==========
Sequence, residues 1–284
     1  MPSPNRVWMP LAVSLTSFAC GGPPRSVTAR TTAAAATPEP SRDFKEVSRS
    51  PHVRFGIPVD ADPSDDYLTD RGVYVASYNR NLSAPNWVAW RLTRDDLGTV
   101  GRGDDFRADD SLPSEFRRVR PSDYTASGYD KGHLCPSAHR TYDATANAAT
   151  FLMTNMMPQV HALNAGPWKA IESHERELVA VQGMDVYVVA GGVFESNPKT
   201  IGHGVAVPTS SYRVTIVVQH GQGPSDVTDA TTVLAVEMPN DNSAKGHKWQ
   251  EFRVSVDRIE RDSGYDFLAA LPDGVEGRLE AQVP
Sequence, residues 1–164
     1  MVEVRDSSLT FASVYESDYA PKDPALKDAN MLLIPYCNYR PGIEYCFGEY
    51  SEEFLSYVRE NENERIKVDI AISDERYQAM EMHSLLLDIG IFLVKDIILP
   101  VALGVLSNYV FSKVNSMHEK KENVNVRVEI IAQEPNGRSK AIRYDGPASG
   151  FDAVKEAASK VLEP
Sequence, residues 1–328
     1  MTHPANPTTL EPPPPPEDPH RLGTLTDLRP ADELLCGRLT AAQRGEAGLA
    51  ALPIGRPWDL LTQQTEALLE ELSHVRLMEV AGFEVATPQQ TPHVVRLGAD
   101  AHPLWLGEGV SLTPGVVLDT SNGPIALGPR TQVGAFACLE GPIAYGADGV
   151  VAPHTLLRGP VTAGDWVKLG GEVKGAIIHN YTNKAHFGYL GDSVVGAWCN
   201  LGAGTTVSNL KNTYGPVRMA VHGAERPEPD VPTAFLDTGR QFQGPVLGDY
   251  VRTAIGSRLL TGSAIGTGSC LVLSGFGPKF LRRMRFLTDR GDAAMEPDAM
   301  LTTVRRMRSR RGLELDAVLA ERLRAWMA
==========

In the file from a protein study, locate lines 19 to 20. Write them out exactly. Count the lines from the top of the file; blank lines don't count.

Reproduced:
   251  VRTAIGSRLL TGSAIGTGSC LVLSGFGPKF LRRMRFLTDR GDAAMEPDAM
   301  LTTVRRMRSR RGLELDAVLA ERLRAWMA